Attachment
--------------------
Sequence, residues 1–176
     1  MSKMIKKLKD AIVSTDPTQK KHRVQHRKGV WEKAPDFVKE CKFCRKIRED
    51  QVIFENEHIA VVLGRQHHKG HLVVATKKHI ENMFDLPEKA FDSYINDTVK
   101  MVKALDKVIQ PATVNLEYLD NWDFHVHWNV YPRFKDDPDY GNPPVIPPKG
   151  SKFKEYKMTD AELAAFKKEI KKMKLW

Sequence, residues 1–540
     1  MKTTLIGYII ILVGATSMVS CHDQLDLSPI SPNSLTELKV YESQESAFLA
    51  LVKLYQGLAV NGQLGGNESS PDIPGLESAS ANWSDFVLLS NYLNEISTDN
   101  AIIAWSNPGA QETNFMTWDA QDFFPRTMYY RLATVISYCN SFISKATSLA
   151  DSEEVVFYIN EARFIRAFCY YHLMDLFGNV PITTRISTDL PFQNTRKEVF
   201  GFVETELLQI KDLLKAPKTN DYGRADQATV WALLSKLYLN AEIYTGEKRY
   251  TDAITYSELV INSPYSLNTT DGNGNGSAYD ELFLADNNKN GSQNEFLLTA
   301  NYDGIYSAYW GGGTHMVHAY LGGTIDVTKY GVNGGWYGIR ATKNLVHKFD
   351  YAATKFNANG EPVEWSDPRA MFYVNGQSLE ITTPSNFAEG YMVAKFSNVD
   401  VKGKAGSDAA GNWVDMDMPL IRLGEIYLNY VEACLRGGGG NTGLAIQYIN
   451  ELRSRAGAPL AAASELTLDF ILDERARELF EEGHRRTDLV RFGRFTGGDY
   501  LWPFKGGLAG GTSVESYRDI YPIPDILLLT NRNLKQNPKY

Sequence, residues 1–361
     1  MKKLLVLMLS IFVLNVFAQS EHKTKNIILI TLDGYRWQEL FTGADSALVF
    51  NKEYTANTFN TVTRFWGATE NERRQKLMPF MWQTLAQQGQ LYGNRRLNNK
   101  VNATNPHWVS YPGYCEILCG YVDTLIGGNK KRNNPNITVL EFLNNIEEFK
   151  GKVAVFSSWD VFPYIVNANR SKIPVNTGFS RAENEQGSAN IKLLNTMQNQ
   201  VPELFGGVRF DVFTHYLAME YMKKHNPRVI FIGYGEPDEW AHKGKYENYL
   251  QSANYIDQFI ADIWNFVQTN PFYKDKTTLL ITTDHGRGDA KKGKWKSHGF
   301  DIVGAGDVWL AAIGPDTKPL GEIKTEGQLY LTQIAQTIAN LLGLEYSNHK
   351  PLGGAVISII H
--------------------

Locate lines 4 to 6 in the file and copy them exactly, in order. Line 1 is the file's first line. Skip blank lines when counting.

   101  MVKALDKVIQ PATVNLEYLD NWDFHVHWNV YPRFKDDPDY GNPPVIPPKG
   151  SKFKEYKMTD AELAAFKKEI KKMKLW

Sequence, residues 1–540